Skinny or fat, the shaming hurts either way – but only one leads to ‘systemic exclusion and oppression’, say experts
- Experts agree criticising someone for how thin they are is a legitimate problem that can lead to serious mental health consequences, including lower self esteem
- But comparing it to fat shaming is a ‘dangerous’ conflation – larger people often receive fewer promotions and are more likely to face medical discrimination
We all know what fat-shaming is. And it’s generally understood it’s inexcusable to say things like “lay off the crisps” or “you need more exercise”.
But what about the reverse? The idea of skinny-shaming is more controversial, and people disagree on whether it’s as problematic to tell a conventionally thin person “go eat a hamburger” or “you should gain weight”.
But they warn against comparing it to fat shaming, calling it a “dangerous” conflation.
“Tell me this: would you go up to a fat person and say: ‘Oh my God, you are so fat. Do you ever stop eating?’” asked one TikTok user, who said she is self-conscious about her small frame and has been trying to gain weight.
“Skinny people look everywhere and can see themselves while fat people are advertised when it comes to weight loss and unhealthy illnesses. So don’t compare,” another wrote on Twitter.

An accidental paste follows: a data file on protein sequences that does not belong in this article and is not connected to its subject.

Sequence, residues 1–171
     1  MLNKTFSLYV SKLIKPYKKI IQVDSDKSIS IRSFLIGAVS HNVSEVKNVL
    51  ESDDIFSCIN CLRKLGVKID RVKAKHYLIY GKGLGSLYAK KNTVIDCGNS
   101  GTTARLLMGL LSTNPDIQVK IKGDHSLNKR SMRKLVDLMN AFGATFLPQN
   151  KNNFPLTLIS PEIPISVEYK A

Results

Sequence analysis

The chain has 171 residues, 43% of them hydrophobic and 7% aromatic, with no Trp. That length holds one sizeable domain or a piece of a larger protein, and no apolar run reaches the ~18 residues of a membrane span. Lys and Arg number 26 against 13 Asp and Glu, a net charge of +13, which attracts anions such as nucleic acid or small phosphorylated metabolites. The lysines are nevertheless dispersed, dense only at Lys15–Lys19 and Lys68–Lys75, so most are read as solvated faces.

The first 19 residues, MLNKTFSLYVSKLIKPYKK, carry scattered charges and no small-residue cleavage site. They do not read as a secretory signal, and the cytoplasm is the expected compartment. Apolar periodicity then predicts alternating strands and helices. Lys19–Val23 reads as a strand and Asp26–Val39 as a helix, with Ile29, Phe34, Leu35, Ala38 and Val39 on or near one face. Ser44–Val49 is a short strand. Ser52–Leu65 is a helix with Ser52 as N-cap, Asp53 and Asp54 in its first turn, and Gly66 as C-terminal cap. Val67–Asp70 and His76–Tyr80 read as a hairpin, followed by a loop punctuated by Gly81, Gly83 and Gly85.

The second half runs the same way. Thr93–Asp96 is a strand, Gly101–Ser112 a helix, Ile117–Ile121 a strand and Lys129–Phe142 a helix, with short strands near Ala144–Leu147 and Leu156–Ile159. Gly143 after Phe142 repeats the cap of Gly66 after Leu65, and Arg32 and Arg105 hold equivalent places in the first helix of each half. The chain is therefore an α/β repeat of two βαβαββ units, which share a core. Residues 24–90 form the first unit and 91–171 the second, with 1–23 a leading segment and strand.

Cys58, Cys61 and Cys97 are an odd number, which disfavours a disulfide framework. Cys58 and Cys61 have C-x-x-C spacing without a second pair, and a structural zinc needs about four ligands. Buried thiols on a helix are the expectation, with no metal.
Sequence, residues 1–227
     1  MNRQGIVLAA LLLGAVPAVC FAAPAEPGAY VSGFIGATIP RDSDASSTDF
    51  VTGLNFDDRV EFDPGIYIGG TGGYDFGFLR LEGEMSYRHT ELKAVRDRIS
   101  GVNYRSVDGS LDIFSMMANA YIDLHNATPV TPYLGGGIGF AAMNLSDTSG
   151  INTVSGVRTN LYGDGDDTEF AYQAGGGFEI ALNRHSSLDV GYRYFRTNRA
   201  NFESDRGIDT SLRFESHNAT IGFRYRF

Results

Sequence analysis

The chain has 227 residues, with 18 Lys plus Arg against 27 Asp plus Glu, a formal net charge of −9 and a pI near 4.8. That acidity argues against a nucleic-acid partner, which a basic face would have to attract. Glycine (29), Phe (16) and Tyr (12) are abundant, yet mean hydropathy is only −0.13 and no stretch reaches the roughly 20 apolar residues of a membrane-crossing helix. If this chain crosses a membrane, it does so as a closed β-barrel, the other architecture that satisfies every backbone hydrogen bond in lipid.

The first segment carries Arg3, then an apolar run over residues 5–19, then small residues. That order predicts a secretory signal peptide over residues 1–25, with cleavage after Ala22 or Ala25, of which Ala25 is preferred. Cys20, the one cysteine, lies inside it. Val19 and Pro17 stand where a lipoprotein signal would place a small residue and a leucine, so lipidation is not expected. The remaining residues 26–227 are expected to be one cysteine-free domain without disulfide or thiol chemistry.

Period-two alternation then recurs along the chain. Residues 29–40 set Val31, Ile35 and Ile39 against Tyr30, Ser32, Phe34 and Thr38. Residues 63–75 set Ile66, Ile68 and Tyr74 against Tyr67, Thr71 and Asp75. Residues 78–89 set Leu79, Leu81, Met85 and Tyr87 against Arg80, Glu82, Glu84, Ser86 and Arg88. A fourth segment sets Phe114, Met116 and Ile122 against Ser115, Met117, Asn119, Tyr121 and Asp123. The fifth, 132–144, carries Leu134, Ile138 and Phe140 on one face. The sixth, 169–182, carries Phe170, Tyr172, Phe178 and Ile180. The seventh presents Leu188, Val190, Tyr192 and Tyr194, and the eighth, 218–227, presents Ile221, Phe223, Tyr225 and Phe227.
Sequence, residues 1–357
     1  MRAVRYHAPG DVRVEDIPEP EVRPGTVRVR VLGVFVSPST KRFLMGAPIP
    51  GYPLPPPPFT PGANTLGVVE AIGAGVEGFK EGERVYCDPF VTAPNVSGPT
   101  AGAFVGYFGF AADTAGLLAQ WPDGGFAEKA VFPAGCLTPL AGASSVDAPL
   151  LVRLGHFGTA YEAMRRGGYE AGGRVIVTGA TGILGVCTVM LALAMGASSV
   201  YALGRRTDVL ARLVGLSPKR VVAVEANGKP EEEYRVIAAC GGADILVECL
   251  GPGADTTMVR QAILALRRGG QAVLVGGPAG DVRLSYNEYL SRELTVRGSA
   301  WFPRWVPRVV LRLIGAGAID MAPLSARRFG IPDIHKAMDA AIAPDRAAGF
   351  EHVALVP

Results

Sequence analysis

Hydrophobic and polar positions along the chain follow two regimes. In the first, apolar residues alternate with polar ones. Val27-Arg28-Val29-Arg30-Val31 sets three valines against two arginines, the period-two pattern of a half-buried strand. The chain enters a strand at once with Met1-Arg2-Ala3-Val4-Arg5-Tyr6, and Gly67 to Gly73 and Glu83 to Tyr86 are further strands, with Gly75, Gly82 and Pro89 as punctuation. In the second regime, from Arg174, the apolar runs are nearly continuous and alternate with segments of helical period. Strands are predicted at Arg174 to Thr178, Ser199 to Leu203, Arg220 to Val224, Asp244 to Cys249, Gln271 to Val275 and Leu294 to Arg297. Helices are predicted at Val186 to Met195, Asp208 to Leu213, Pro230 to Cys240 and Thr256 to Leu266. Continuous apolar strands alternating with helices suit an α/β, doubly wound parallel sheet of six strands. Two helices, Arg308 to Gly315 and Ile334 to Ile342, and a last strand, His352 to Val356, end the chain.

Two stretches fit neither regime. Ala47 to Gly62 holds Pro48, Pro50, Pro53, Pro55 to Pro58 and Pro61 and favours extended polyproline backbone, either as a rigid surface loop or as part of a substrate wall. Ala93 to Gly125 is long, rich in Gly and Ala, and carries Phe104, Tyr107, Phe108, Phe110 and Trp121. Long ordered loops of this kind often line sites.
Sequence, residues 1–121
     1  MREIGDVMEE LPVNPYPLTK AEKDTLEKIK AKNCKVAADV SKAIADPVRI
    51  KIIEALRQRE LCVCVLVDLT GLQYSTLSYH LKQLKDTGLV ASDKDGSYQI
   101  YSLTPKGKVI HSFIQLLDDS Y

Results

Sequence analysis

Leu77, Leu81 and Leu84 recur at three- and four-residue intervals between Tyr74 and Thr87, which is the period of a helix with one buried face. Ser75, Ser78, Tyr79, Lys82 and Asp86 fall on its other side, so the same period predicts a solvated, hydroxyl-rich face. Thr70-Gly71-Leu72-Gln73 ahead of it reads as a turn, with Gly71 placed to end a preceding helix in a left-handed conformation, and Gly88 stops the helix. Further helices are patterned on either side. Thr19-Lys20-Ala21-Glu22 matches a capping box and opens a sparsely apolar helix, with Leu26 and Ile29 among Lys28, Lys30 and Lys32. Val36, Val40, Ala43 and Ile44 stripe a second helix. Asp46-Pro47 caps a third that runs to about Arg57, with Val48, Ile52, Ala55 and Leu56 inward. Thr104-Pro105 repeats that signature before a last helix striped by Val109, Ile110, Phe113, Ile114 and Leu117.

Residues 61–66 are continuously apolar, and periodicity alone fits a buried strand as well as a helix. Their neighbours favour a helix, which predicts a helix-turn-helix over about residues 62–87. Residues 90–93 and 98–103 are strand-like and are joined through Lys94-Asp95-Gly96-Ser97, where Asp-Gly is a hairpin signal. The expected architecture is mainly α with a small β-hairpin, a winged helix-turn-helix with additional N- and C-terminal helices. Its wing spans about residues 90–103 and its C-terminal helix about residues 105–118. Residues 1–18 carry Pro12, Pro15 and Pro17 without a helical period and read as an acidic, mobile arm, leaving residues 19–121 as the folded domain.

Anyone can experience body-shaming, no matter their weight.
But Jennifer Rollin, founder of The Eating Disorder Centre in the US state of Maryland, says skinny-shaming represents a personal attack rather than a systemic problem. Though being called “skeleton” or “twig” can be harmful, weight-based discrimination against overweight people has been rampant in educational, employment and health care settings.
“While it’s obviously not OK to tell someone they look unhealthy or too skinny, that is very different from experiencing systemic exclusion and oppression,” Rollin says. “People in larger bodies often receive fewer promotions and are less likely to be hired. They’re more likely to face medical discrimination, or having doctors refuse to perform a surgery until they’re X weight.”
Samantha Kwan, an associate professor at the University of Houston specialising in sociology of the body, adds that unlike overweight people, skinny people are usually judged less harshly because of today’s beauty standards.
Though experts warn against comparing skinny-shaming to fat-shaming, denigrating anyone for their body size is harmful – even for those whose bodies align with beauty ideals.
“Because we live in a culture that idealises thin bodies, we tend to think that everyone should be happy if they’re skinny,” says Alexis Conason, a clinical psychologist in New York and author of The Diet-Free Revolution. The reality, however, is that anyone can struggle with negative body image.
“You never know what someone is going through behind the scenes, even if their body conforms to what is societally seen as ‘ideal’.”
When in doubt, it’s best to stay quiet and avoid making unnecessary comments about anyone’s appearance – whether they’re skinny, fat or anything in between, Conason says.
“We need to recognise that the problem is not our body,” Conason says. “It’s the culture that objectifies them and makes it OK to make these comments. Your body is no one else’s business, and if someone comments on your body, it’s more a reflection of them.”